About this Research Topic
The current frontiers in oncology are at the nano-scale. Within this nanoworld, new bio-objects are being discovered and others are better characterized or revisited (e.g.: exosomes). Discovered in the early 80’s, exosomes are nanovesicles of endocytic origin that are released into the extracellular environment. The growing interest for exosomes in biology stems from the fact that these vesicles: (i) are ubiquitous (e.g. found in plants, in eukaryotic cells), (ii) contain a variety of molecules including signal peptides, mRNA, microRNA and lipids; (iii) are involved in local and systemic cell communication (exosomes bind to cells through receptor-ligand interactions, they can also pass the blood-brain barrier and through the placenta); (iv) are produced by many cells including: normal cells, dendritic cells, B cells, T cells, mast cells, epithelial cells, and tumour cells, (v) can be detected in body fluids like blood and urine.
In oncology, circulating tumor-derived exosomes have been shown to play a role in antigen presentation, in the development of tolerance and are emerging as mediators of tumorigenesis (in mouse and in human). Indeed, exosomes strongly affect the immune system by inhibiting the activity of T-cells, killer cells as well as the differentiation of precursors to mature antigen-presenting cells. They also increase the number and/or activity of immune suppressor cells such as myeloid-derived suppressor cells and T-regulatory cells. Exosomes may play a role in the crosstalk between the primary tumor and bone marrow-derived cells. Melanoma-derived exosomes from mice and humans were shown to promote metastatic niche formation through the upregulation of the MET oncoprotein. Recent data indicate that qualitative differences in exosomes content can mediate metastatic potential and organotropism. Exosomes seem also involved in the development and progression of cancers and may be used as biomarkers for cancer detection or tumor staging. For instance, in glioblastoma, although seldom circulating tumor cells are released, large quantities of vesicles can be detected within blood samples of patients. New labs-on-chip are being designed including a micro nuclear resonance devices. Finally, exosomes represent promising tools for the development of new vaccines or new drug delivery systems as they can encapsulate several types of molecules.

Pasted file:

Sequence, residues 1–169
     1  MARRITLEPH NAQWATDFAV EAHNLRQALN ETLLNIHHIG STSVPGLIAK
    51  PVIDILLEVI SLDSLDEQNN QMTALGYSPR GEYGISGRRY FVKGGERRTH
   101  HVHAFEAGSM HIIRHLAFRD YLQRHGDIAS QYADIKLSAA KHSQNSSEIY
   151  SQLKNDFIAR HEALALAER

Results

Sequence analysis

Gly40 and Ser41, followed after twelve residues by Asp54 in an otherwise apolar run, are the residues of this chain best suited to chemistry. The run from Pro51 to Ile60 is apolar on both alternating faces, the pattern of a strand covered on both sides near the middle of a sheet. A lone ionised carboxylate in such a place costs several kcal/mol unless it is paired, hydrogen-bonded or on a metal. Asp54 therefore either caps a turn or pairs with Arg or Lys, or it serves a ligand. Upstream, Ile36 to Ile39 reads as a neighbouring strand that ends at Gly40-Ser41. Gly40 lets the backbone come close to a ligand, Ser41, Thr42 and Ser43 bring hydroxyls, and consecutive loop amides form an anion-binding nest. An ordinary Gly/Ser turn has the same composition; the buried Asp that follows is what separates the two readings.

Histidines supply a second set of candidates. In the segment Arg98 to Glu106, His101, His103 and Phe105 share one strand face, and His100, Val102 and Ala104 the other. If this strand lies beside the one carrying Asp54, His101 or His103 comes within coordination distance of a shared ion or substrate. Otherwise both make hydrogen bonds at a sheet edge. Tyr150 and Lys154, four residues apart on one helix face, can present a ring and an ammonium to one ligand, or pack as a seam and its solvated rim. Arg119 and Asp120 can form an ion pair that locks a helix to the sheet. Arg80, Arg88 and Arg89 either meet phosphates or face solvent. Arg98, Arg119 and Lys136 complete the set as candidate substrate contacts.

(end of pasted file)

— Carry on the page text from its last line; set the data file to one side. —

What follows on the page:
Therefore, in this early phase of great excitement several issues including extraction protocols, assays, characterization, quantification need to be addressed and standardized. A more homogeneous practice will obviously enable us to better characterize the several functions exosomes play in tumor biology.
Thus, this Research Topic intends to deal with some of the major issues, namely:
o characterization, quantification and regulation including:
protocols (e.g.: comparison of existing isolation protocols, derivation of improved ones),
current (e.g.: electron microscopy) or new biosensing schemes, limiting steps for their implementation in the clinic,
Composition (e.g :Proteins, mRNAs, miRNAs and lipids), distribution profiles of size and/or concentration,
regulation of production/composition/secretion and/or signal transduction in cancer vs. normal cells and tissues,
computer models (e.g.: systems biology approach),
o clinical evidences :
biomarkers: association with tumorigenesis, tumor progression and/or metastasis (prognostic or predictive)
clinical tool: approaches that mimic exosomes for imaging or treatment purposes (delivery of drugs, vaccination)
Contributions addressing at least one of the above items will be considered for peer-reviewing. The types of suitable manuscripts are: research paper, review, comment and perspective (publishing fees are associated to certain article types, please check ).
Important Note: All contributions to this Research Topic must be within the scope of the section and journal to which they are submitted, as defined in their mission statements. Frontiers reserves the right to guide an out-of-scope manuscript to a more suitable section or journal at any stage of peer review.